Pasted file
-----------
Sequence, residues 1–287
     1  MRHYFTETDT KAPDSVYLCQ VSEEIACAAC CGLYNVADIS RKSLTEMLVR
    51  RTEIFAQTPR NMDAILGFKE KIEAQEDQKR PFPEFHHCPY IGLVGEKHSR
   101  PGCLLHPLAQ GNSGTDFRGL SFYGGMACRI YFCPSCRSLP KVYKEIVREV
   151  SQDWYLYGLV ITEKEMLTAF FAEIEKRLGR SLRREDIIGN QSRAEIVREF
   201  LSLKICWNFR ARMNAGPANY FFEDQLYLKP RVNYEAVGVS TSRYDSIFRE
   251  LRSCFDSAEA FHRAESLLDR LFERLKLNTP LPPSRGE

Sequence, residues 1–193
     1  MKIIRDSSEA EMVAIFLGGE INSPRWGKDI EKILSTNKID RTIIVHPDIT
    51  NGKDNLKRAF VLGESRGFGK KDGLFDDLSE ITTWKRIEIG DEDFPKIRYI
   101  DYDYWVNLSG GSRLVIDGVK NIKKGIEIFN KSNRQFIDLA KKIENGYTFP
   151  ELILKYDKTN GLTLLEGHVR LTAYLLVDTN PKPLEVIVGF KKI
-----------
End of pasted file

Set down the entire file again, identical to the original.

Sequence, residues 1–287
     1  MRHYFTETDT KAPDSVYLCQ VSEEIACAAC CGLYNVADIS RKSLTEMLVR
    51  RTEIFAQTPR NMDAILGFKE KIEAQEDQKR PFPEFHHCPY IGLVGEKHSR
   101  PGCLLHPLAQ GNSGTDFRGL SFYGGMACRI YFCPSCRSLP KVYKEIVREV
   151  SQDWYLYGLV ITEKEMLTAF FAEIEKRLGR SLRREDIIGN QSRAEIVREF
   201  LSLKICWNFR ARMNAGPANY FFEDQLYLKP RVNYEAVGVS TSRYDSIFRE
   251  LRSCFDSAEA FHRAESLLDR LFERLKLNTP LPPSRGE

Sequence, residues 1–193
     1  MKIIRDSSEA EMVAIFLGGE INSPRWGKDI EKILSTNKID RTIIVHPDIT
    51  NGKDNLKRAF VLGESRGFGK KDGLFDDLSE ITTWKRIEIG DEDFPKIRYI
   101  DYDYWVNLSG GSRLVIDGVK NIKKGIEIFN KSNRQFIDLA KKIENGYTFP
   151  ELILKYDKTN GLTLLEGHVR LTAYLLVDTN PKPLEVIVGF KKI